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Bose’s QuietComfort 45 headphones cancel more noise and last longer

Drown out the world

Bose’s QuietComfort 45 headphones cancel more noise and last longer
Napier Lopez
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Napier Lopez

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Napier Lopez is a writer based in New York City. He's interested in all things tech, science, and photography related, and likes to yo-yo in Napier Lopez is a writer based in New York City. He's interested in all things tech, science, and photography related, and likes to yo-yo in his free time. Follow him on Twitter.

Bose‘s QuietComfort 35 were some of the most popular headphones of the last few years due to their intense noise canceling, cozy design, and solid sound quality (don’t @ me audiophiles).  Today the company released an updated version of the classic, the fittingly-named QuietComfort 45.

The headphones are priced at $329, which puts them a notch below the $380 Bose 700 that was the ostensible successor to the QuietComfort line (they’re also a little cheaper than the QC35 II, which cost $349 at launch). They offer a new noise cancellation system that is better at eliminating mid-range frequencies “typically found in commuter trains, busy office spaces, and cafes”; it sounds like the headphones are better at eliminating chatter, and not just the low rumble of an air conditioner or airplane engine.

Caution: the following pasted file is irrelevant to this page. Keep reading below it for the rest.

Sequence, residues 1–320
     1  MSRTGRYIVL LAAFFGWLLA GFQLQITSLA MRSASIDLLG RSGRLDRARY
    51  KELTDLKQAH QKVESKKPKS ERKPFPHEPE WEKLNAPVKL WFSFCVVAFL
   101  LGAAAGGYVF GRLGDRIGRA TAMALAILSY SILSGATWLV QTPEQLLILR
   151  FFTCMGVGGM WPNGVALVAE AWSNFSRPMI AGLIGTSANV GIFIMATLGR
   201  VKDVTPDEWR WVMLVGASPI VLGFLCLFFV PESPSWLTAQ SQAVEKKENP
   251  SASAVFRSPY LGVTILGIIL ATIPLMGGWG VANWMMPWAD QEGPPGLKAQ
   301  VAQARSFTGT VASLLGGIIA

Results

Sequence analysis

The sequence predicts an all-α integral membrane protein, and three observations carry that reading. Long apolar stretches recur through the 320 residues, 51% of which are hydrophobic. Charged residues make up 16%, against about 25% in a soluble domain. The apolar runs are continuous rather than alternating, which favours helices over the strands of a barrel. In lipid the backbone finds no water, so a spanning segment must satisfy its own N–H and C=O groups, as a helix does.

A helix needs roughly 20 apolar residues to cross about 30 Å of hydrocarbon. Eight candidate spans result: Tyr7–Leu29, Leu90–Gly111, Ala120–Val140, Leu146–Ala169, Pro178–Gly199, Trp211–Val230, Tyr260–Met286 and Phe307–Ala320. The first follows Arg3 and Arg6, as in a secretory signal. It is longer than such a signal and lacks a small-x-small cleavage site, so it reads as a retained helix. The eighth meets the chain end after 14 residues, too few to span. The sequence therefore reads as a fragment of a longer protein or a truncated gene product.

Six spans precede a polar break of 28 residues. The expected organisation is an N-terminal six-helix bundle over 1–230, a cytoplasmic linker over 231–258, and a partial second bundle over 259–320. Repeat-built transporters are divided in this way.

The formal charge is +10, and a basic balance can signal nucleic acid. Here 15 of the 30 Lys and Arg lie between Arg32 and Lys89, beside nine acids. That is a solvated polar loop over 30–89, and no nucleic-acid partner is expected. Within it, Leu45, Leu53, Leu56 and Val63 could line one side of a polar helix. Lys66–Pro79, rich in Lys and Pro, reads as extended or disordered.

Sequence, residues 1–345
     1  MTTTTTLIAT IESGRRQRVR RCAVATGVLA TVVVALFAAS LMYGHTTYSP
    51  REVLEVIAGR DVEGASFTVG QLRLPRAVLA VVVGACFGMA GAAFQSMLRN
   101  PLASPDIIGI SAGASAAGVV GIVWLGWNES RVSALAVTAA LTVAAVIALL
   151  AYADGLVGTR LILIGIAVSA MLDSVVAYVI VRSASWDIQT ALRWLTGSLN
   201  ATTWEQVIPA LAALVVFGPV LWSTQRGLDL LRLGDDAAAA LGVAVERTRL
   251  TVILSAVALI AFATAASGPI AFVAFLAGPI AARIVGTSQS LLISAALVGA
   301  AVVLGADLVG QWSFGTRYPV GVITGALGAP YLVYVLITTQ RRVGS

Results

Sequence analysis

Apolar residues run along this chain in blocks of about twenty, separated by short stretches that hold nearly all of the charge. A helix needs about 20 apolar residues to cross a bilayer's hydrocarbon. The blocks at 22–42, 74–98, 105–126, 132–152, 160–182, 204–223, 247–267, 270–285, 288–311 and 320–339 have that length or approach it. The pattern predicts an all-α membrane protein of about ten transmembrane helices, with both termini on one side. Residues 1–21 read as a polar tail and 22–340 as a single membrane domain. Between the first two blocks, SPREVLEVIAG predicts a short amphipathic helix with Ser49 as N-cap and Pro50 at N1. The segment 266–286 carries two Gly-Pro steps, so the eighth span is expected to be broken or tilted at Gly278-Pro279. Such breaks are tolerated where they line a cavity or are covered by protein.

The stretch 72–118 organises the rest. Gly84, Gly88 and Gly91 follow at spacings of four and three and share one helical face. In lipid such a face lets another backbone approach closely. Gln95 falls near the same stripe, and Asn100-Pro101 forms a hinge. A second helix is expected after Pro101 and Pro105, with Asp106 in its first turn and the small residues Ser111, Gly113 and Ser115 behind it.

Meanwhile, a new (to the QuietComfort line, anyway) ‘Aware’ mode makes it easy to hear your environment and hold conversations without taking the headphones off. It’s a common feature in noise-canceling headphones these days, but it’s still nice to see it properly implemented here.

Credit: Bose

Bose says the QC45 is also using its noise cancelation tech for calls, with beam-forming microphones to isolate your voice while ignoring distractions “like a coffee grinder or barking dog” — actually pretty common background sounds in my own home, not gonna lie.

The design is very much reminiscent of earlier QuietComfort models, with a lightweight plastic design that folds flat for travel. They’re also a good choice for those who prefer physical buttons over touch-sensitive earcups; there are physical buttons to control volume, playback, pairing, and access to features like voice assistants and noise-canceling settings.

As a welcome bonus, the headphones support multi-point pairing (AKA being connected to multiple devices at once), and they can use Bose’s SimpleSync to pair with Bose’s soundbars when you want to watch TV silently. The battery is claimed to last for 24 hours, and the headphones finally charge via USB-C. Thank Goodness.

The headphones are up for pre-order today in both black and off-white colorways and will be available on September 23.

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